Turkish President Recep Tayyip Erdogan admitted for the first time Friday that his government's search and rescue effort from this week's devastating earthquake did not go as quickly as hoped.
Erdogan has faced criticism from the quake's survivors about an insufficient number of rescuers and humanitarian aid being delivered in the first days of Turkey's biggest disaster in nearly a century.
The death toll from Monday's 7.8-magnitude tremor has surpassed 22,000 across southeastern Turkey and parts of Syria.
Nearly 19,000 of those deaths happened in Turkey.
Erdogan repeated an earlier admission that there had been "shortcomings" in his government's response.
But he appeared to go one step further by conceding that his teams could have responded more quickly.
"So many buildings were damaged that unfortunately, we were not able to speed up our interventions as quickly as we had desired," Erdogan said during a visit to the hard-hit southern city of Adiyaman.
He said rescuers had been slowed by a winter storm over the area that had made some roads impassable.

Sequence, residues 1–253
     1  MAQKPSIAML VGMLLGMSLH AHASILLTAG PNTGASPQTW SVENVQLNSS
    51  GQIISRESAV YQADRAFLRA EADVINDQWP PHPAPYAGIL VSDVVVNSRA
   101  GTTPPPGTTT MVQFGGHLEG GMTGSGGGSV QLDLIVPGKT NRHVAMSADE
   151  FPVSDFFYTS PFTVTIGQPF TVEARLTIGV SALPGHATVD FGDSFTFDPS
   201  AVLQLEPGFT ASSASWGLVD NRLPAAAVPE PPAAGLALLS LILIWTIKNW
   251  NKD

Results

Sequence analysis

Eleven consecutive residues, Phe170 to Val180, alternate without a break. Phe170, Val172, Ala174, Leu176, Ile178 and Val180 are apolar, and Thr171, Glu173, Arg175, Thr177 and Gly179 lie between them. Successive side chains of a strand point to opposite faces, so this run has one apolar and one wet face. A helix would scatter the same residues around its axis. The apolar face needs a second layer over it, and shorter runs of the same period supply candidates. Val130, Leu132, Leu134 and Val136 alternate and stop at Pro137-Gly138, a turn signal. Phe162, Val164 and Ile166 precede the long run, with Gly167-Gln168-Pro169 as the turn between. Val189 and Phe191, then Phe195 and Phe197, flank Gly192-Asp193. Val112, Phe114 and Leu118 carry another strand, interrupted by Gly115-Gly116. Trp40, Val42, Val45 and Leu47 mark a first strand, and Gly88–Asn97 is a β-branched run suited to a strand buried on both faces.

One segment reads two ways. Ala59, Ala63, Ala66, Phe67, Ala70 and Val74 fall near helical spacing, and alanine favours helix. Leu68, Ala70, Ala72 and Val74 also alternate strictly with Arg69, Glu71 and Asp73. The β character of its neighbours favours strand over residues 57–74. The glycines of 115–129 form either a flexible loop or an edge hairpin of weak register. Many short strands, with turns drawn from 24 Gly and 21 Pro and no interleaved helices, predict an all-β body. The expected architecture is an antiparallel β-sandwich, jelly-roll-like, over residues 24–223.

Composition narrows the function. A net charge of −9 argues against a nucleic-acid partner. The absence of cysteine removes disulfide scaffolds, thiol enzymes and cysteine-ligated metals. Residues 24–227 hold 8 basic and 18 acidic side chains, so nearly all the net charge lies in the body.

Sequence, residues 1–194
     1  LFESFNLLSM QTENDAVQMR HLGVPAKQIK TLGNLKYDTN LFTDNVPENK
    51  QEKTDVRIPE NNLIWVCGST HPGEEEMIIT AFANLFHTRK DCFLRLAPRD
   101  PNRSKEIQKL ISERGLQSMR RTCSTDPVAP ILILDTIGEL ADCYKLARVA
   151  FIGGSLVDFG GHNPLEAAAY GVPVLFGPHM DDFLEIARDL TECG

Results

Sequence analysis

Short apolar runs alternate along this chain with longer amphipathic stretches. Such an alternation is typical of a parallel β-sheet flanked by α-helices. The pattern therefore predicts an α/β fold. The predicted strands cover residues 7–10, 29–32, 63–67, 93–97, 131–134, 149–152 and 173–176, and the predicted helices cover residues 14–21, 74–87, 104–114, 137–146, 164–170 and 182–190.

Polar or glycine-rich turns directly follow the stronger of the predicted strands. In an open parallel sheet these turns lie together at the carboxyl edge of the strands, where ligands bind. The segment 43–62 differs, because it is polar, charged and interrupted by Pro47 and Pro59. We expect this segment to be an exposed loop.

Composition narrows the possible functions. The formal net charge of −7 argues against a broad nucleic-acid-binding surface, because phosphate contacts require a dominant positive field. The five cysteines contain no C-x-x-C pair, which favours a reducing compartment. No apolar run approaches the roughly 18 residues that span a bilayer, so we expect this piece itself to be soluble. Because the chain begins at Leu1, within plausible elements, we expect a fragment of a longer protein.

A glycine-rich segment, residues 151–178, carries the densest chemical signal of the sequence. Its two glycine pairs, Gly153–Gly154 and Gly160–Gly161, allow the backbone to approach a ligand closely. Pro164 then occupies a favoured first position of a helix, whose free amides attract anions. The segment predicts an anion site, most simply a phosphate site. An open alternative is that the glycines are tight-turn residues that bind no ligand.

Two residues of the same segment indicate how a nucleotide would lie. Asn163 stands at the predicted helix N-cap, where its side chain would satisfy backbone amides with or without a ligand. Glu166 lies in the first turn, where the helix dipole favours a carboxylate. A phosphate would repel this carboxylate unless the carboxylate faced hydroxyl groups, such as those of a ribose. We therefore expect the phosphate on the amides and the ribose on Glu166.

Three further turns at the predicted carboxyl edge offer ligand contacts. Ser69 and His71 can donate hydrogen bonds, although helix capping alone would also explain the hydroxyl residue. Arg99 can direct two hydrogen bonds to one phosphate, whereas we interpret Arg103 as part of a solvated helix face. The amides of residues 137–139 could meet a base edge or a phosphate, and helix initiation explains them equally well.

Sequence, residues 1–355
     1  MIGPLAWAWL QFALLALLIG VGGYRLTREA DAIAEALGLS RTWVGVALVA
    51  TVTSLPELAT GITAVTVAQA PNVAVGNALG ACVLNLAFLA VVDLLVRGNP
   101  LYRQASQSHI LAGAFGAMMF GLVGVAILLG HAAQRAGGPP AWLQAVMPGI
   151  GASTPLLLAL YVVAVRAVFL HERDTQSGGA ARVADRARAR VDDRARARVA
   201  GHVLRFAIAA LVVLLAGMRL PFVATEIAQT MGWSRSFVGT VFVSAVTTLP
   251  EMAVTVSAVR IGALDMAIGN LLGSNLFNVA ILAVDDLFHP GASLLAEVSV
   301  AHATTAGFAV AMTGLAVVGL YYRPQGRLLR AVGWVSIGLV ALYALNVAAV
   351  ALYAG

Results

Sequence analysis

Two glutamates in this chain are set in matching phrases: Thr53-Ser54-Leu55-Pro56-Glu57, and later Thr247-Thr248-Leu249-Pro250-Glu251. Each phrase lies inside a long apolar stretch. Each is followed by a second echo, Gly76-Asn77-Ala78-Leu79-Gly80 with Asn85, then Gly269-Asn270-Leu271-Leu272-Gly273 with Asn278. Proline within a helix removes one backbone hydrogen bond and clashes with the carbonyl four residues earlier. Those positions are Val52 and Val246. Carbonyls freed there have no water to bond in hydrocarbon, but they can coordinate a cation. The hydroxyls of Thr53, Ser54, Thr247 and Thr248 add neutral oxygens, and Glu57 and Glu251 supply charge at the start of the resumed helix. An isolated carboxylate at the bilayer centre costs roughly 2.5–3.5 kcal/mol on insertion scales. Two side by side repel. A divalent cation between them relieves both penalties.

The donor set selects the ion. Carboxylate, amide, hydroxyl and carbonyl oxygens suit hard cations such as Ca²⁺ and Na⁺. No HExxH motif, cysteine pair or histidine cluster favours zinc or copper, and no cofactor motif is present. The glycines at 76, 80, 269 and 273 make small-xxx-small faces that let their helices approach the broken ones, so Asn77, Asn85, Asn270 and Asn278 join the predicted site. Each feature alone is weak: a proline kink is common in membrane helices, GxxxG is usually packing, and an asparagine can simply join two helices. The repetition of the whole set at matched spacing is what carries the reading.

"Moreover, most public workers who would have conducted the first intervention and organisation were themselves under the collapsed buildings," Erdogan said.
He added that Turkey had now gathered "perhaps the world's largest search and rescue team" comprised of 141,000 across 10 affected provinces.
The Turkish leader also fired back at his critics heading into a crunch election the government plans for May 14.
Secular opposition leader Kemal Kilicdaroglu this week blamed the huge number of buildings that toppled in the termor and its aftershock on state-connected "profiteers" who were not following proper construction codes.
Erdogan called out "opportunists who want to turn this pain into their political gain".
He also promised to rebuild the damaged region within a year.
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